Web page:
After six years as leader, Cameron will formally hand in his resignation to Queen Elizabeth later on Wednesday, passing control of the country to fellow Conservative Theresa May, who will be in charge of negotiating Britain's exit from the European Union.
Speaking in a packed parliament, with lawmakers, media, aides and spectators jammed into every corner of the ornate debating chamber, Cameron answered questions with the air of a man looking forward to an afternoon off.
"This morning I had meetings with ministerial colleagues and others," he said. "Other than one meeting this afternoon with her majesty the Queen, the diary for the rest of my day is remarkably light," he said to laughter, as his wife Samantha and their children looked on from the public gallery.
Cameron, often praised for his statesman-like demeanour, cut a more relaxed figure as he laid into his political rival Jeremy Corbyn, whose own future is subject to a protracted and acrimonious battle within the opposition Labour Party.
"We've both been having these leadership elections. We (Conservatives) got on with it: we've had resignation, nomination, competition and coronation. They haven't even decided what the rules are yet," he said, drawing roars of support from his side of the chamber.
"If they ever got into power it would take them about a year to work out who would sit where."
Even the usually earnest Corbyn came with his own pre- prepared gags to the box-office weekly "Prime Minister's Questions" session.
Giving up one of his allotted six questions to pay tribute to Cameron, Corbyn asked him thank his mother for her fashion advice - a nod to a previous rowdy exchange where Cameron said his mother would want the often unkempt Corbyn to "put on a proper suit, do up your tie and sing the national anthem."
LARRY THE CAT
Cameron will later pack up his final possessions and move out of the Number 10 Downing Street office leaving behind one key ally: Larry the cat.
"Sadly I can't take Larry with me, he belongs to the house and the staff love him very much, as do I," he said, addressing mischievous social media gossip that the cat and Cameron did not get on.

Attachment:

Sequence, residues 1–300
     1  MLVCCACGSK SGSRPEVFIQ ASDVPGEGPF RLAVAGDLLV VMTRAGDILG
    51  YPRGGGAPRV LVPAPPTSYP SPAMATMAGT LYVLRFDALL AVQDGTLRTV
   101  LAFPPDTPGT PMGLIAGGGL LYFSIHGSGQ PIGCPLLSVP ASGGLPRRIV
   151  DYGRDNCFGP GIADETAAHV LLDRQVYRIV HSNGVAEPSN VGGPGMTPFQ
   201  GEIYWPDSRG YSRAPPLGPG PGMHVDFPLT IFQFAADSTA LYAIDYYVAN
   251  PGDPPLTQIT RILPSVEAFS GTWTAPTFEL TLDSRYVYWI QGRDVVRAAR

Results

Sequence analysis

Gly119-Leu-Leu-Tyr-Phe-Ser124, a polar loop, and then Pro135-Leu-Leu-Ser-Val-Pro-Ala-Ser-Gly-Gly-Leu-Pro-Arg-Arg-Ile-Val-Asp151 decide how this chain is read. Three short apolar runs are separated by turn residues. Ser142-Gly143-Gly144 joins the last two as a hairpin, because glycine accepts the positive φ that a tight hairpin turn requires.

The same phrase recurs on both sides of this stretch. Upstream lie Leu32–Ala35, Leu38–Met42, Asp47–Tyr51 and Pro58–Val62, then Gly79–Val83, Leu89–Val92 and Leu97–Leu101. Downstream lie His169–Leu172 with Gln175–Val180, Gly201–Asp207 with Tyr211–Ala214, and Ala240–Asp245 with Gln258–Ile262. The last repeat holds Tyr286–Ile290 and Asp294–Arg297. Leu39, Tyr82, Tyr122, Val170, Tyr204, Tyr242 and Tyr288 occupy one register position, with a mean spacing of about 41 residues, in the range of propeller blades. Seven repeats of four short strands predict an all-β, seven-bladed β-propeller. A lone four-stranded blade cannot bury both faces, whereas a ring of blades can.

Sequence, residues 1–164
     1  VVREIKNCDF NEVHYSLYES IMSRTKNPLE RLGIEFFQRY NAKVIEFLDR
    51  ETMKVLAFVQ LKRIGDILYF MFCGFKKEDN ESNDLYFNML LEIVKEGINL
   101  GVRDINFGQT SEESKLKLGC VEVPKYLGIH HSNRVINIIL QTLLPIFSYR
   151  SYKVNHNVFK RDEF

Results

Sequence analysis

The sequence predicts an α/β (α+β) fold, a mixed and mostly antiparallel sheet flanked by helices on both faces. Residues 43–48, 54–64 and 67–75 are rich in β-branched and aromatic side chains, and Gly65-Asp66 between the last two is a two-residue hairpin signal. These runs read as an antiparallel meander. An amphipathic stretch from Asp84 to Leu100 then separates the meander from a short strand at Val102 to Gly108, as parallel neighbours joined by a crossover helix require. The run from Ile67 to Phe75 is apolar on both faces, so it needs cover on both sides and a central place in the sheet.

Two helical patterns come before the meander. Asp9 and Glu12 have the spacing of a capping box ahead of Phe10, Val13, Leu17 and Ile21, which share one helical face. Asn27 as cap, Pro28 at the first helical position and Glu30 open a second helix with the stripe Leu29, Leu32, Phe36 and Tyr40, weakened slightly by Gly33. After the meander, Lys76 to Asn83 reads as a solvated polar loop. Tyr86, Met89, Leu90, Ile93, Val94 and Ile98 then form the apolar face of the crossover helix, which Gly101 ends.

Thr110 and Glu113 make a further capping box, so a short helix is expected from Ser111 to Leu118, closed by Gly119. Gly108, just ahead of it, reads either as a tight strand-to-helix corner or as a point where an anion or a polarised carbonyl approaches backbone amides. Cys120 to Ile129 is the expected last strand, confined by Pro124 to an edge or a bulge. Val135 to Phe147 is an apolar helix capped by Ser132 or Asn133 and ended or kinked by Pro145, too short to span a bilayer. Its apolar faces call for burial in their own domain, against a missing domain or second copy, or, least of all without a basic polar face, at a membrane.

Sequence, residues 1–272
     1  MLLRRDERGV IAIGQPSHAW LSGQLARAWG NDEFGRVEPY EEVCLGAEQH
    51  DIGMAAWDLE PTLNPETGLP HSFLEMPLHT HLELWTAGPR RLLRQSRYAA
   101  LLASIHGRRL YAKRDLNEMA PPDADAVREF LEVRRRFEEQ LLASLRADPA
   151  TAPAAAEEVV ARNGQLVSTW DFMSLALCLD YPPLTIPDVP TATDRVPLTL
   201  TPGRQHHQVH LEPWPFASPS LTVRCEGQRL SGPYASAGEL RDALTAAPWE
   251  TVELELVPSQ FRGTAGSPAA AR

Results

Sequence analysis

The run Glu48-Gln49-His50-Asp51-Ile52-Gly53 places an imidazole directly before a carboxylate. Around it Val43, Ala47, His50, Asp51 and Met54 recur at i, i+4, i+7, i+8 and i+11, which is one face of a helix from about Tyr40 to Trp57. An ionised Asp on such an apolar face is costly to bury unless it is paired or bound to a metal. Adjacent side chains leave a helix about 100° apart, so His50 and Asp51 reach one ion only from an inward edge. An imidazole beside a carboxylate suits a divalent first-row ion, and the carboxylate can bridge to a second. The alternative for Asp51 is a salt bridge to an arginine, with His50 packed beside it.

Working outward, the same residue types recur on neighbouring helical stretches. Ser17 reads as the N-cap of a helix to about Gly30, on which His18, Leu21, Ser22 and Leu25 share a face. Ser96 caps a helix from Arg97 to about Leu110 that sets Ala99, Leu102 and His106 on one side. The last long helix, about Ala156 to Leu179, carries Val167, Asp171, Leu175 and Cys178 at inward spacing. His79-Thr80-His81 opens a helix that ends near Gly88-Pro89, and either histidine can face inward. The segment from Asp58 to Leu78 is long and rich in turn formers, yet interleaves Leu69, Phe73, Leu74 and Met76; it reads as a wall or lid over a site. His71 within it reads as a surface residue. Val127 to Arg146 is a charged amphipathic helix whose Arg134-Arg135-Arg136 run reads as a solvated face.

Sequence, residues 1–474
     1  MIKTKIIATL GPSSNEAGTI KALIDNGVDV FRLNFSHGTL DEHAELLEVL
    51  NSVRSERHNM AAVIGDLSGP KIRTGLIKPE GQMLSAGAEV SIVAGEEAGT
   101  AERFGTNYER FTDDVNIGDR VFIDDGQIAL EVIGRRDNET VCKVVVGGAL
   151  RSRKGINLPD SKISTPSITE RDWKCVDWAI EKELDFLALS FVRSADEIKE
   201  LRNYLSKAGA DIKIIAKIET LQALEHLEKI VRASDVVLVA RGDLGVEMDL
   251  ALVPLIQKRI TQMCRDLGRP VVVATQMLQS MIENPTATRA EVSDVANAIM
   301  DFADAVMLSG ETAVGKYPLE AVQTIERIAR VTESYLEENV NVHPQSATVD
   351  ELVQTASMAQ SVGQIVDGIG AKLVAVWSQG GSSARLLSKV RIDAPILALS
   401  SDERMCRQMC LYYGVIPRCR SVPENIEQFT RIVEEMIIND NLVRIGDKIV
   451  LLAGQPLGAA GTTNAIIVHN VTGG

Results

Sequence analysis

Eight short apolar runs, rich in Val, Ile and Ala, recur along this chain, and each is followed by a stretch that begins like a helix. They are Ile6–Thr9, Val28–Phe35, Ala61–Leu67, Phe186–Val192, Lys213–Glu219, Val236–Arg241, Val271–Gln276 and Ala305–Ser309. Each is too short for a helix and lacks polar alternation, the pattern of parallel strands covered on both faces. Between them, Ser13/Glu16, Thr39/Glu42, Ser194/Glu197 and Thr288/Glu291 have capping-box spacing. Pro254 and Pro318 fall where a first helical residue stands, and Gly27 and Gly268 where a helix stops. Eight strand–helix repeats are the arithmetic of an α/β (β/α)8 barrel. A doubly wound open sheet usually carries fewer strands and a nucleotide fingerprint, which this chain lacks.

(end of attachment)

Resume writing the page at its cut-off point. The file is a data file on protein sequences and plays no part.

Jokes apart, Cameron sought to shore up his legacy as a reforming prime minister, highlighting his government's efforts to stabilise the post-financial crisis economy and the passing of gay marriage laws.
"I'll never forget the day actually at Number 10 when one of the people who works very close to the front door said to me 'I'm not that interested in politics Mr Cameron, but because of something your lot have done I'm able to marry the person I've loved all my life this weekend,'" he said.
"There are many amazing moments in this job but that was one of my favourites."
He said he would miss the "roar of the crowd" in parliament, but assured his colleagues that he would be willing them on from his new position as a regular lawmaker representing his English constituency of Witney, near Oxford.
"You can achieve a lot of things in politics, you can get a lot of things done and that in the end - the public service, the national interest - that is what it is all about," he said during heartfelt closing remarks that drew tears from some of his fellow lawmakers.
"Nothing is really impossible if you put your mind to it," he said before his party and many rival lawmakers stood to applaud him from the chamber. Even the Speaker joined in, casting aside the strict "no clapping" parliamentary rule.
(This story has not been edited by NDTV staff and is auto-generated from a syndicated feed.)
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